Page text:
It is for this reason I am curious to know how (and if) teachers are using Snapchat in their classrooms. I came across an article on NPR written by Jacquie Lee that highlights the work of one professor, Michael Britt using the app in his introductory psychology course. He uses the tool to post 10-second videos which relate to the theory and concepts discussed in class. For example, to help students connect to a lesson on the biology of the brain, Brit snapped his niece in during her ballet class standing on one leg. He “used the snap as an example of how the cerebellum in the brain controls balance” (Lee, 2016). Britt notes that approximately 90% of his students check his “snaps.” That is a significant number considering how many students don’t do/complete course readings. Snapchats seem to “reach” the students in a way perhaps course readings can’t.

I still do not have a Snapchat account. I can’t imagine people being interested in the details of my day. Perhaps I should reconsider. Perhaps Snapchat is an entry point into bridging the divide between theory and practice in our courses.

To read the entire article click here:

http://www.npr.org/sections/ed/2016/03/29/467091289/how-teachers-are-using-snapchat

The “Google generation”

Many of our learners have grown up with access to all sorts of search engines, namely Google which has quickly turned from a noun to a verb: “Just Google it.” With access to Google, many of our learners have instant answers that are just a few clicks away.

There has been an ongoing debate on whether Google is harmful or not to our ability to critically think about texts. Tan (2016) from Mindshift recongnizes, “with the advent of personal assistants like Siri and Google Now that aim to serve up information before you even know you need it, you don’t even need to type the questions. Just say the words and you’ll have your answer.” However, there are ways to ensure questions/inquiries in the class are “Google proof.” A former Kentucky middle-school teacher suggests re-thinking our instructional design is key in making work Google proof. He says, “Design it so that Google is crucial to creating a response rather than finding one…if students can Google answers — stumble on (what) you want them to remember in a few clicks — there’s a problem with the instructional design.”

I envision project-based learning and inter-disciplinary approaches as a way into creating Google proof material. Any suggestions? What have you tried/created/heard about?

 

 

Chimamanda Ngozi’s Book Being Distributed to ALL 16- Year-Old Students in Sweden

I have written about the powerful words of Ms. Adiche before. Her words stop us in our tracks and make us re-consider notions of identity, language, and gender. She has a new book out entitled We Should All Be Feminists. It is based on a speech she delivered at a TEDx conference a few years ago. I have already ordered it!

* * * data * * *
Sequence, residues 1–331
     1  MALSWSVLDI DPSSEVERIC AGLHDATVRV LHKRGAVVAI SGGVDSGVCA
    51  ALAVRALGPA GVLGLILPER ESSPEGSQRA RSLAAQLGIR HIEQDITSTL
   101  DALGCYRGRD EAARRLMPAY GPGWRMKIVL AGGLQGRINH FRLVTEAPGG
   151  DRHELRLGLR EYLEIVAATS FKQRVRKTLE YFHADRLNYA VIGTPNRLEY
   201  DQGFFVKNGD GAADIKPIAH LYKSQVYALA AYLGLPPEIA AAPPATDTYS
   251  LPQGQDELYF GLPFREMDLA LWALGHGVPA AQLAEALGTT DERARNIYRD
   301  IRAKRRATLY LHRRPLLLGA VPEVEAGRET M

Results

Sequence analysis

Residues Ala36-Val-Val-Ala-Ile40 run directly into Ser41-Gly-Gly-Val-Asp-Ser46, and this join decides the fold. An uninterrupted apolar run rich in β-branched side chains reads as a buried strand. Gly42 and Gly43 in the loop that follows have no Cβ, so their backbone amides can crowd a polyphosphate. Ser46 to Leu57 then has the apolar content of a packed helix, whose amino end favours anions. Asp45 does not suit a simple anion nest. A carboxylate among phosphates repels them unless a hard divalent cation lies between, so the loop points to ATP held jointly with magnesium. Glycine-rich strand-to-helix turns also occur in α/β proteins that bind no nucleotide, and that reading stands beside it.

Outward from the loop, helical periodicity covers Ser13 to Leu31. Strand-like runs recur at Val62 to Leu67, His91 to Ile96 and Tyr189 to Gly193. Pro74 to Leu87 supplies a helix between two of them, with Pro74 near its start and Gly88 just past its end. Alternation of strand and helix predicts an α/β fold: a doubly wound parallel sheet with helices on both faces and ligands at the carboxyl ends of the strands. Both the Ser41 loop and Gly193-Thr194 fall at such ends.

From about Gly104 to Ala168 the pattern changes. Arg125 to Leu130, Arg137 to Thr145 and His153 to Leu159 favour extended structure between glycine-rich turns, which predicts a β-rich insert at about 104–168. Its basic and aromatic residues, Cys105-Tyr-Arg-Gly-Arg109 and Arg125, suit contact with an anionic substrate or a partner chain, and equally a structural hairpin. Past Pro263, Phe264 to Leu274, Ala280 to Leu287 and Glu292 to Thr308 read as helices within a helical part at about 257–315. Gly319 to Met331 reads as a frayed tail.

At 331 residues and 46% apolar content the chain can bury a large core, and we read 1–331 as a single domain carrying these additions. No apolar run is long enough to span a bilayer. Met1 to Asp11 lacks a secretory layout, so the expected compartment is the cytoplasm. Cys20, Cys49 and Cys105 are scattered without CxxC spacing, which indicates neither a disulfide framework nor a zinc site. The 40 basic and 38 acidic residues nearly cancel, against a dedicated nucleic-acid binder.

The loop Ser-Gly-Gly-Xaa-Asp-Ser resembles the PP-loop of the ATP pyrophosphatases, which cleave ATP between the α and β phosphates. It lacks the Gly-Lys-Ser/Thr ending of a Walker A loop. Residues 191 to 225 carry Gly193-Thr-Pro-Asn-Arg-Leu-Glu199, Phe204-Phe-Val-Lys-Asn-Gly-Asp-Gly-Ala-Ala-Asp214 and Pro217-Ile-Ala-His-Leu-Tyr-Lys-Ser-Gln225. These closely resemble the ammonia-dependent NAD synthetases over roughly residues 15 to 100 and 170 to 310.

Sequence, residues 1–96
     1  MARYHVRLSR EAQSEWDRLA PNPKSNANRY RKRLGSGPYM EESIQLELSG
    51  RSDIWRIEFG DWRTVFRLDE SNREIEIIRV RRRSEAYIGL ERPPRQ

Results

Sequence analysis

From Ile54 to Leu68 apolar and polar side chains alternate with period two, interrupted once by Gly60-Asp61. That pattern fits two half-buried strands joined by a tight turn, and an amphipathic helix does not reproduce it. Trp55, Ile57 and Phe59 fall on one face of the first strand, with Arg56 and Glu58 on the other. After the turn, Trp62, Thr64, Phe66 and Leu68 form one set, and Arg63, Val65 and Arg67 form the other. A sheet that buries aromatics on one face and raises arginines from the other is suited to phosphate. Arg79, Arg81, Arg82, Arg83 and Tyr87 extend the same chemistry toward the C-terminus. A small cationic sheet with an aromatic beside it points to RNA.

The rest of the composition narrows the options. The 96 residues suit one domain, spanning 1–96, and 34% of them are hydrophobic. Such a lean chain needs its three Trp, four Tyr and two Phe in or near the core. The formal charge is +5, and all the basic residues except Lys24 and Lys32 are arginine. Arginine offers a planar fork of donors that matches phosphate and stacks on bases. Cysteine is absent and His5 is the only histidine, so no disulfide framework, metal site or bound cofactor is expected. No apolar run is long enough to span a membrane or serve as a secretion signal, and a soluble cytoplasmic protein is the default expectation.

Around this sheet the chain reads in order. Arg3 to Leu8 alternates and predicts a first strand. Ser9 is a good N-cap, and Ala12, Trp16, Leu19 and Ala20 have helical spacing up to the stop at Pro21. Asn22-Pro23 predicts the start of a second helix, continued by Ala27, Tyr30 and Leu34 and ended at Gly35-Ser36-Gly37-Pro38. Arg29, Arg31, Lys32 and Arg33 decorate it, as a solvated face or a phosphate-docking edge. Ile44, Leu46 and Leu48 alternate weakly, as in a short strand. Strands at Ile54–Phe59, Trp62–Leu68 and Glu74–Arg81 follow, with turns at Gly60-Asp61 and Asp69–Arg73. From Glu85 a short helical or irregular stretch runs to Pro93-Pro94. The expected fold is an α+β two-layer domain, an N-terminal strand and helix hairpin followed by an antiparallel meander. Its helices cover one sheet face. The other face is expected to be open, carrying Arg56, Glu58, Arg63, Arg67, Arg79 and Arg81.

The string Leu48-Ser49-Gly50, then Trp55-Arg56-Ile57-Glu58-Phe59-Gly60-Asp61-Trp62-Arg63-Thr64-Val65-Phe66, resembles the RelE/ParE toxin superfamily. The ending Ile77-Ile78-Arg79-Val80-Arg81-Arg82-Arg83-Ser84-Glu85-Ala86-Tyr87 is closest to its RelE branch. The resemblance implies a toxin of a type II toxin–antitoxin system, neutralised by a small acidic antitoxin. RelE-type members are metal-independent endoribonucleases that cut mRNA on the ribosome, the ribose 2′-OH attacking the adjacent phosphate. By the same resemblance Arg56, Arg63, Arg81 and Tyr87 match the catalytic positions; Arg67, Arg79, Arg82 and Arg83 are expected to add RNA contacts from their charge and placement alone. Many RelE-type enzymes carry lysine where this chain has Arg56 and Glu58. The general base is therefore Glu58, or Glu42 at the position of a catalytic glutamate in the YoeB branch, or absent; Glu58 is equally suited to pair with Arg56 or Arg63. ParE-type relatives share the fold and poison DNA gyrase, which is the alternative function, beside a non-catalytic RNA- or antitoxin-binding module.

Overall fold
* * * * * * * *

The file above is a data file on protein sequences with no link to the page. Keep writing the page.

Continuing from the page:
The most amazing thing about her new book is how it is being distributed. The Swedish Women’s Lobby has decided to distribute Adiche’s book to every 16-year-old student in Sweden. In a CBC article, publisher Johanna Haegerström believes her book will be an entry point into a larger discussion about gender roles in society. He said:

“Our hope is that the Chimamanda Ngozi Adichie text will open up a conversation about gender and gender roles, starting from young people’s own experiences”

adichie-composite

http://www.cbc.ca/books/2015/12/we-should-all-be-feminists-by-chimamanda-ngozi-adichie-is-being-given-to-every-16-year-old-in-sweden.html

Women in Science Speak Out- Using Humor

As my (Cathy’s) daughter is a research scientist and director of a private laboratory, the recent sexist comments by Nobel Prize-winning British scientist, Sir Tim Hunt, was quite a topic of discussion in our home.  Hunt, a biochemist who was a joint recipient of the 2001 Nobel Prize made the offensive remarks while speaking at the World Conference of Science Journalists in South Korea.  Hunt stated that mixed gender laboratories are “trouble” and “”you fall in love with them, they fall in love with you and when you criticize them, they cry”.  According to the BBC, Hunt later apologized for his comments during a phone interview, but then went on to say:

“I did mean the part about having trouble with girls … I have fallen in love with people in the lab and people in the lab have fallen in love with me and it’s very disruptive to the science.”

Hunt’s “retraction” only led to a much stronger public response and initiated his resignation from his honorary post at University College London.  The social media frenzy that followed, particularly through twitter was intriguing.  Female scientists from around the world spearheaded an ironic Twitter campaign to mock Sir Tim Hunt’s sexist comments about the need for single-sex laboratories.  For example, Allison Sekuler, AVP & Dean Grad Studies and Prof of Psychology, Neuroscience & Behaviour @ McMaster University tweeted:

Can’t do any science today because – like all women – I’m too busy making #TimHunt fall in love with me and crying http://www.theguardian.com/science/2015/jun/10/tim-hunt-apologises-comments-trouble-female-scientists …

Archaeologists, biochemists and mathematicians starting posting “distracting ” photographs of themselves at work:

distracting-web-v2

 

And male scientists demonstrated solidarity by posting new signs in their labs:

CHJXU8HWsAABvdp